If numba and others were mature as they are now when I first started playing with Python, perhaps I would have dedicated more time to it and would not start learning Julia at all (it took me a while, even coming from Fortran). Now I don’t want to leave because simply I like the Julia syntax better, I like multiple-dispatch, the expressiveness, Revise is fantastic, distributing packages to students or everyone else is a piece of cake, and my programs turn out to be faster than what I was able to do with Fortran (which tells more about how crappy I was writing Fortran, perhaps), because writing, optimizing and testing programs in Julia for performance is much more fun. And I was able to learn a lot about computer programming in general by learning Julia.

In the long term it is likely that most of the problems of every language will be solved, languages will be highly inter-operable, and people will chose one or another for the syntax, paradigms, and expressiveness. Those are somewhat subjective, but Julia is in a good position there, in my opinion.

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no it is not, if you are using linux or macos you have python beforehand so you do not need do anything to type in python. if you are using windows (like me) installing python in windows is very straightforward.
if you want to use scientific packages just install anaconda and that’s it, you do not need do anything else.

I am using matplotlib for 3 years and not, even one, time this not happened to me.

Python credit is not something we give it. If Python is so popular, it’s because of the efforts of so many people who have been working for it for thirty years.

Just a note in case there’s any confusion caused by this, ModelingToolkit.jl (and Symbolics.jl) are not reliable replacements for SymPy in every context. They are pretty young projects and can simplify far fewer expressions than SymPy (e.g. integration).

However, SymbolicUtils.jl, the library that those are built on at least at the present seems like a very good foundation for building up symbolic ecosystems, but it’ll take time. ModelingToolkit.jl is a great and poweful package that can do some things that SymPy can’t do, but part of the reason it’s docs are so domain specific is that it just doesn’t have the huge wealth of rules available to it that SymPy has and so won’t be able to simplify as many expressions. It’s main advantages are domain specific advantages.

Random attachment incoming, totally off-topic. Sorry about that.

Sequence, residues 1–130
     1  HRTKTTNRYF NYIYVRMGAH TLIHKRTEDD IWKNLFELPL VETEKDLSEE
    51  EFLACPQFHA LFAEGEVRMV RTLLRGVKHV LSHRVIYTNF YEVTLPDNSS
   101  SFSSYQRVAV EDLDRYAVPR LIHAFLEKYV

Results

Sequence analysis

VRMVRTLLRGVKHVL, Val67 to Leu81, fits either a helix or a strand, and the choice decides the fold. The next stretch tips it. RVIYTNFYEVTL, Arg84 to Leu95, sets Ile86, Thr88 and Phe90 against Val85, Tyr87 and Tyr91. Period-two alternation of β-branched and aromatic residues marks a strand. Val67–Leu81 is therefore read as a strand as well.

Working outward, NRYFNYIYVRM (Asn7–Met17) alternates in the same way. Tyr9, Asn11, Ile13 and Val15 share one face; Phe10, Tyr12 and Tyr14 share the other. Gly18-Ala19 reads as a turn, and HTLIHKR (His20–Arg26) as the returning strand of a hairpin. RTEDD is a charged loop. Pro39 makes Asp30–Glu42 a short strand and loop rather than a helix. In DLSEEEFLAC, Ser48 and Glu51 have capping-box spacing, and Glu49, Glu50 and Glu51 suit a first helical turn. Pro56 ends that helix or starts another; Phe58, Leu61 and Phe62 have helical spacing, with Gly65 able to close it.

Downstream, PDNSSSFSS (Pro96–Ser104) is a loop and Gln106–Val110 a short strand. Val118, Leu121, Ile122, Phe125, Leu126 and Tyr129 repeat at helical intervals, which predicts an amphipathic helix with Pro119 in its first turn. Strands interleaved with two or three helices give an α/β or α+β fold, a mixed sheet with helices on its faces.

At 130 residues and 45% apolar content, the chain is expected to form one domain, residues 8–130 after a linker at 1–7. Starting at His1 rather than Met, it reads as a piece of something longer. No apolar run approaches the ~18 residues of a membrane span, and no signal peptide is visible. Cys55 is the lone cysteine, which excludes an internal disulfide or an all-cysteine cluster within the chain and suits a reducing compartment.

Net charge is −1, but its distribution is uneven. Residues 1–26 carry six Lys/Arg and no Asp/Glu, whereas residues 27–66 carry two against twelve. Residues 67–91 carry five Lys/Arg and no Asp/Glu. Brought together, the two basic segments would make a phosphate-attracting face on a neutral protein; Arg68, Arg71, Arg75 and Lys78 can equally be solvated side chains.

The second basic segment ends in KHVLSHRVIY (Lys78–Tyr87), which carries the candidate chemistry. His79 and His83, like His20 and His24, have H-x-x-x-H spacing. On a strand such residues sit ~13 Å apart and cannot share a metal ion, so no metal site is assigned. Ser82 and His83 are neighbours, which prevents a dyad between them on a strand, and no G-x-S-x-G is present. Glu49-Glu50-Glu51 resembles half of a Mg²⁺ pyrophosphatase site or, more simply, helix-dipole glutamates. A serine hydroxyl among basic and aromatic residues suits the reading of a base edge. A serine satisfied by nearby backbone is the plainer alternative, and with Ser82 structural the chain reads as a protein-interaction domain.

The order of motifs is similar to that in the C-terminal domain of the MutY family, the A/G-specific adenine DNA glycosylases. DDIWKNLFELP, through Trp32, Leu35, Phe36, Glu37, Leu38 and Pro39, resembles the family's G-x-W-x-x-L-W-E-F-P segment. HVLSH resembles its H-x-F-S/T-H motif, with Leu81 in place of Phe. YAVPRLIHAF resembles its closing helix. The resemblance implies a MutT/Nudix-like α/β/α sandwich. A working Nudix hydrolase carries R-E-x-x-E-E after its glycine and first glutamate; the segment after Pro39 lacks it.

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Well, that is not completely true. Recently I spent a whole afternoon trying to use PyPy to run a code, because of bizarre issues with configuration files, conda environments, and I don’t know what else. I was quite impressed by how good was PyPy in accelerating the code, but the installation experience was horrible. Of course, for someone that already knows how to solve all the problems or configure things, none of those are actual problems. But that is what Mason said, when you know how to do stuff, the problems stop being problems.

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Isn’t macOS shipping the old python 2.7 by default?

Official Python implementation is CPython and your problem with pypy, jython, brython, iron-python or micropython does not relate to the subject. this projects are not maintained very well like official CPython even a lot of the C packages, which is a huge share, can not be used in this implementations.

I always struggle more with getting Anaconda up than Julia. Julia is super-straightforward. You just prefer what you’re used to.

Of course it is.

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yes

What you said here is the resistance or passiveness of a community against developing new features and enduring the problems they face as discussed before. If a deficiency bothers, it’s better to work on it, try to solve it and share it. This makes open source community powerful against closed source. Also a community includes beginners to experts, anyone can contribute, so if most of a community have this perspective to their problems, their product would someday be obsolete or outdated. What you said in general was not a productive feature for a community.

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I’m not saying it’s a good thing or a bad thing. I’m saying it’s a psychological fact that as we get used to things that are uncomfortable, we cease to recognize them as uncomfortable.

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I agree, What gives a programming language its character is its community, not its syntax or performance. All problems can be fixed with a healthy community, as Python did.

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My problem was with conda, something about its environments, about my terminal not being configured to it. I felt like trying to use gfortran in Windows. I do not know if Conda is official or not.

But your answer just illustrates the same thing you somewhat implied in previous posts concerning the Julia manual, the Julia IDE, or others: that people that are comfortable with one thing tend to attribute the problems others experience to their fault, third-parties fault, etc. The thing is that you are used to one tool, that is fine, you will be more comfortable with that tool because you know how to deal with the weakness of that tool.

We could start and endless similar discussion on operating systems, text editors, linux distributions, etc.